Escape RoomReviewed By Jay Seaver
Posted 01/08/19 05:44:12
For a movie opening in the early-January dumping ground, "Escape Room" is surprisingly competent. That is, obviously, a bit of damning with faint praise, especially since it's only a few months before people find it on streaming services and have no expectations based upon award-season and holiday cycles. They'll just see a thriller that chews up a hundred minutes without misstepping often enough to spoil anything.The concept is pretty straightforward: Six people in the Chicago area - bright but shy college student Zoey (Taylor Russell), rise-and-grind executive Jason (Jay Ellis), shaggy supermarket stockboy Ben (Logan Miller), army veteran Amanda (Deborah Ann Woll), gaming enthusiast Danny (Nik Dodani), and affable truck driver Mike (Tyler Labine) - get invitations to test out Minos Entertainment's newest escape room experience, though only Danny knows how the things work (clues, puzzles, themes). This one, they quickly discover, is potentially lethal. Not only that, but bits of it seem to be specifically designed to play upon their anxieties and experiences.
It's a basic high-concept thriller plot; few people in the audience for this haven't seen a movie where seemingly innocent games turn deadly (heck, it's almost a trend, with Jumanji: Welcome to the Jungle and Game Night both in theaters over the past year). There are lots of directions one can go with that, with director Adam Robitel and writers Bragi F. Schut & Maria Melnik opting for the most straightforward, running the group through a series of dangerous scenarios without a whole lot of subtext or complication to it. That's fine, for the most part - the production design team comes up with a lot of nice visuals for the deathtraps, and Robitel does pretty well showing the characters solving their problems visually with relatively minimal exposition. He and the writers don't try to add excess romantic subplots or too many twists (for the most part). It's a relief not seeing anything prioritized over survival.
Still, while the film isn't exactly lazy, it's got a few bad habits, enough that people who watch a lot of genre films might find their attention drifting. The opening flash-forward, for instance, is as bad an idea as it usually is, not offering nearly enough misdirection to make up for a lot of the film feeling like a foregone conclusion by the time it circles back around. This whole gambit has never really made sense, from Cube to The Game and beyond, if you give even a moment's thought to just how many potential accessories to murder are involved in a gambit like this and the resources involved (something which the film sort of doubles down on with an extended epilogue). You can make a pretty good guess at how long characters will last based upon the set-up they get at the start, and toward the end, a lot of things get hauled out as important that could have used a little more time to set them up. Even the twists are the standard ones; there's never an point where a viewer to say that this is a new take on familiar material.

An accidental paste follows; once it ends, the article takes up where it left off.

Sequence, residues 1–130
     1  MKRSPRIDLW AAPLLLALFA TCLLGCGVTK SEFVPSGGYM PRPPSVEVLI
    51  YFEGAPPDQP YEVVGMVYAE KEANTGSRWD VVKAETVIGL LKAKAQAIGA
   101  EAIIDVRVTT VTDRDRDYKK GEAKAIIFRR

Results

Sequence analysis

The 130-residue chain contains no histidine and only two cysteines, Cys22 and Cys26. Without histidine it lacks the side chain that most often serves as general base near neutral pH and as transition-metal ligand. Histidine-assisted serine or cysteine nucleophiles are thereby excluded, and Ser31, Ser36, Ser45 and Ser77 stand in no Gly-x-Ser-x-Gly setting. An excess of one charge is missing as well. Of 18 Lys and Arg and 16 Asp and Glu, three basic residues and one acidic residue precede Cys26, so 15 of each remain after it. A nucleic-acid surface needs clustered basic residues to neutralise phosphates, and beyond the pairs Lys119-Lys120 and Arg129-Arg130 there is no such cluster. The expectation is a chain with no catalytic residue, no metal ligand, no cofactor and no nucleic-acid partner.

It's got a fairly good group of potential victims, at least, with Taylor Russell's Zoey the standout; she blossoms from a pretty-but-shy nerd spouting jargon to a problem-solver and doesn't lose her core no matter how many directions the script pulls her. Deborah Ann Woll and Jay Ellis make Amanda and Jason more interesting to watch than they could be, while Tyler Labine (who seems like he was playing young slackers just a year or two ago; time does fly) is a reliable supporting guy who makes Mike counterpoint to the other more driven characters, something Logan Miller is a bit less entertaining at. Nik Dodani's Danny is kind of obnoxious, but in a believable way that doesn't take over the movie.The credibility of the premise frays a bit by the time "Escape Room" reaches its end, and it would be nice if the film had one moment that went off in a surprising direction. It's fine if you've seen most of what's playing theaters now, will be fine if it catches one's eye on a menu, and will be fine if someone involved hits it big and people are checking out their earlier work. Maybe that's not the highest bar to clear, but it's worth remembering that a lot of what studios traditionally put out in early January isn't up to that standard.
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